Adventures in ‘Merica: Appetite Lost (apologies to Milton)

My friend Robyn and I had dinner at a fancy steakhouse in Phoenix on Thursday—my gift to myself for completing the 365 days of writing (which had grown to 367 by Thursday). We thought we were in America but halfway through dinner it became apparent that we’d slipped into ‘Merica, that mythical land of, by, and for white folks. It probably shouldn’t have shocked me. But it did.

Two retirement-age, straight, white couples sitting next to us started talking about someone they knew: “She’s Indian,” one of the men said. I didn’t hear any malice in his voice, more wonder that no one else had this information. But his companions didn’t quite grasp it, so he explained further: “She comes from India.”

“Oh!” This information surprised the woman with him. She said, “Gosh, she’s so well-spoken.”

My hands flew to my mouth and stayed there until I was sure I woudn’t make a scene. Robyn and I sat in stunned silence. It was like a car wreck on the highway: I wanted to hear the rest of their conversation, and at the same time, I’d already heard more than enough.

The second woman at the table took on the air and posture of an expert, spreading her arms like a politician on the stump as she said: “This is America; we need to be the best.” Okey-doke, no doubt about her political allegiance. I coudn’t tell whether their Indian acquaintance was acceptable to the expert—seeing as how the Indian woman was so well-spoken and all—or whether her presence within our borders somehow prevented Americans from being “the best.”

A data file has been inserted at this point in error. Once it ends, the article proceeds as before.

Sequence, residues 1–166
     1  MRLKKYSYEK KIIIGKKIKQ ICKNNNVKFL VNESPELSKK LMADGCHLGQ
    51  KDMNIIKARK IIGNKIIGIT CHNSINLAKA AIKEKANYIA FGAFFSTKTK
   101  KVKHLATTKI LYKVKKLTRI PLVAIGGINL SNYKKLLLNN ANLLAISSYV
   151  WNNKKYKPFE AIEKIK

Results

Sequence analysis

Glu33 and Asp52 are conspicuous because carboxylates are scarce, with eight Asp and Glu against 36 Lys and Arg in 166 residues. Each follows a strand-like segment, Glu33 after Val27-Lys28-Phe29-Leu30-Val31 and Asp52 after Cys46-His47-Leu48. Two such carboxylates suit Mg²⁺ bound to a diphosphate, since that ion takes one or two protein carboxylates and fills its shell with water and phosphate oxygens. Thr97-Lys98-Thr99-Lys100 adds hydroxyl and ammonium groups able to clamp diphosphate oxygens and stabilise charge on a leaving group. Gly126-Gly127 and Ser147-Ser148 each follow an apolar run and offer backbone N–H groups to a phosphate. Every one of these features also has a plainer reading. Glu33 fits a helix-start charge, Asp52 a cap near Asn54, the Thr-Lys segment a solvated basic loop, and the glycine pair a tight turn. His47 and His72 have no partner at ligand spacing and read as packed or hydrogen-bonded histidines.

Eventually the shock passed and Robyn and I resumed our conversation. For the record, we are both well-spoken too.

Elsewhere in ‘Merica

Earlier in the day, as my fellow conference-goers and I finished up our boxed lunches, the sound system, which had been set to “annoying pop” for days suddenly started playing “The Star-Spangled Banner.” Loudly. A flag waved in closeup on the flatscreen monitors flanking the stage as an older man with a microphone instructed us to stand because we were going to sing the National Anthem.

I stood to the side, gaping in disbelief. A guy I’d eaten lunch with sidled up to ask what was going on.  I said perhaps we were about to start playing baseball.

Do you want to guess what the man onstage did after he finished bleating out the National Anthem?

He tried to sell us something.

The Anthem was nothing more than a gimmick to silence the crowd and get their attention. And of course it worked. But it also generated a ton of ill-will among the true patriots there. People who see the National Anthem as more than an aid to making a quick buck. But that’s life in ‘Merica, too.

I’ll bet the Indian immigrant has more respect for the rituals of American life than those older white dudes. But in ‘Merica, white men get to decide what (if anything) constitutes decorum, which traditions they will honor and which they will flout.

You know what would make America “the best”? Let’s deport all the ‘Mericans. I know just who to start with. We can get along just fine without them.

  • inclusion
  • politics
  • race